Red isn't only for Valentine's Day

By Tom Seymour | Feb 15, 2019
Photo by: Tom Seymour An all-red display is a big attention-getter in the garden.

It’s Valentine’s Day and red roses and red hearts symbolize the holiday. So with red still on our minds, let’s consider that color in a little more detail.

Soon, we’ll be choosing flowers for the upcoming garden season, and the color red is always a good choice. Whether you use red on a limited basis, as in hanging baskets, or on a wider scale, such as a long border, you can’t go wrong with red, or even an all-red theme.

So many plants have red blooms that finding something in red is a snap. Both perennials and annuals come in a wide variety of stunning shades of red. So let’s begin with annuals, since they are easy to deal with and are widely available.

One of the first flowers that I dealt with as a young gardener was zinnia. This was because, first, zinnias have such a catchy appearance, with their thick, pom-pom-like blossoms. And second, zinnias come in a great profusion of colors. And finally, zinnias rank among the easiest annuals to grow, because there is no transplanting involved. Just plant the seeds where you want your flowers and in no time at all, you will have blooming zinnias.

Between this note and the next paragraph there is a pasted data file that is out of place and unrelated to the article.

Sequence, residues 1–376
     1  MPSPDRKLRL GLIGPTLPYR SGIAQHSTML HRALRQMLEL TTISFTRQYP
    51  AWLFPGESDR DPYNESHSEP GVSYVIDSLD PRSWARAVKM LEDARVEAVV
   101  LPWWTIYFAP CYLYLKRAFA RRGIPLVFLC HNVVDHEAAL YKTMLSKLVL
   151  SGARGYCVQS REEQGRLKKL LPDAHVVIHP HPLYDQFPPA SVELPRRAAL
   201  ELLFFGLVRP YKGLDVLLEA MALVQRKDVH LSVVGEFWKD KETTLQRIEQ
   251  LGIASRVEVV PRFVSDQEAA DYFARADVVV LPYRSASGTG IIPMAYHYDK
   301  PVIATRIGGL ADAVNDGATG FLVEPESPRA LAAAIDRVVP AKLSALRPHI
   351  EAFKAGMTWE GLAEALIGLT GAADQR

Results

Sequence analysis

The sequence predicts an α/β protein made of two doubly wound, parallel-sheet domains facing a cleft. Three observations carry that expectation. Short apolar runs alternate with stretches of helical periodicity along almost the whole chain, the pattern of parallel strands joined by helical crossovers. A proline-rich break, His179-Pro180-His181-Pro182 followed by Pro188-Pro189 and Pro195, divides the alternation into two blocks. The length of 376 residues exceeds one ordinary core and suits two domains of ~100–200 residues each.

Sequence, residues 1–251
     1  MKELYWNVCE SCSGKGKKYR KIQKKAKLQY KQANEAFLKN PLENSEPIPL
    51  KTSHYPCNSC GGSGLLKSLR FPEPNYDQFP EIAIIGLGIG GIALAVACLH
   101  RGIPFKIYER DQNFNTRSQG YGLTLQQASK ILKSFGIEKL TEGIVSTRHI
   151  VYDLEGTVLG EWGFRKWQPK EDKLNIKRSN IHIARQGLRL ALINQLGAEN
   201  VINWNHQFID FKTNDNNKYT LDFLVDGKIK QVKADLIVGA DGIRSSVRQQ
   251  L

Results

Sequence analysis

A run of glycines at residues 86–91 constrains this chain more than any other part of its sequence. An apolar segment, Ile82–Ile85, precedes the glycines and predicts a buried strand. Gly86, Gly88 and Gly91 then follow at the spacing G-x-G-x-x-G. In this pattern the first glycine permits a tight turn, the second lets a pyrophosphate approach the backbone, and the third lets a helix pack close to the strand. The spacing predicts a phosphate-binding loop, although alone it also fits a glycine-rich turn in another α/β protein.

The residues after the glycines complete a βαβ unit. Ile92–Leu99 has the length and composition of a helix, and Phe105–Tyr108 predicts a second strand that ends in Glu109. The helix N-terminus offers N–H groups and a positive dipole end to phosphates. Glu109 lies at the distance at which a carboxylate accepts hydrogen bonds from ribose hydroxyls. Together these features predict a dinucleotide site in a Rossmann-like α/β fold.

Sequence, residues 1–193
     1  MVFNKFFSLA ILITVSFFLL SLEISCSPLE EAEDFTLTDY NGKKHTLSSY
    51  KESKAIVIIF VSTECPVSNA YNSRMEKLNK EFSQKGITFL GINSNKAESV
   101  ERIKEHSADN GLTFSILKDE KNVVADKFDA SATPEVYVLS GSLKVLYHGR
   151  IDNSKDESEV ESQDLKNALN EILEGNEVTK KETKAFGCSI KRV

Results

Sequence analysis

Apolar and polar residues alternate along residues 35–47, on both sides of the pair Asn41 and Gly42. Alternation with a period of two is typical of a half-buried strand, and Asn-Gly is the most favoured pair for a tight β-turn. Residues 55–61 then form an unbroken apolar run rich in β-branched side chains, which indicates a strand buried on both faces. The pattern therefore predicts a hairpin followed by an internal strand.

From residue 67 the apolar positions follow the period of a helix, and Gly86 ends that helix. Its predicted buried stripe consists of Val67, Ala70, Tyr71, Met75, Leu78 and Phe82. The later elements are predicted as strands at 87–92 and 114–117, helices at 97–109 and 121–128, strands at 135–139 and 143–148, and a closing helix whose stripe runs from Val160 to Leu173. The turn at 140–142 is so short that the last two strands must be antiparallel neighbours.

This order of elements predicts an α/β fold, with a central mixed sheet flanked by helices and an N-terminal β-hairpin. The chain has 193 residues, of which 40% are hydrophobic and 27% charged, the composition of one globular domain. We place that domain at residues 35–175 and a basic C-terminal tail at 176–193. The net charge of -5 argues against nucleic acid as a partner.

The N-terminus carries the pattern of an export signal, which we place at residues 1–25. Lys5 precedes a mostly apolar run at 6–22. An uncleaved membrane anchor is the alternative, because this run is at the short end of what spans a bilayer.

Of course you can buy pre-started zinnia sets, but given that they are so easy to start in situ from seed, I really don’t see the need.

Some zinnias bear more than a little resemblance to chrysanthemums, so if you enjoy zinnias as well as chrysanthemums but don’t have enough garden space for both, just select a larger zinnia type. Some of these reach 36 inches tall, making for not only an eye-catching display in the garden, but also great cut flowers.

And, of course, zinnias come in various shades of red, making them a shoo-in as a red annual.

Early spring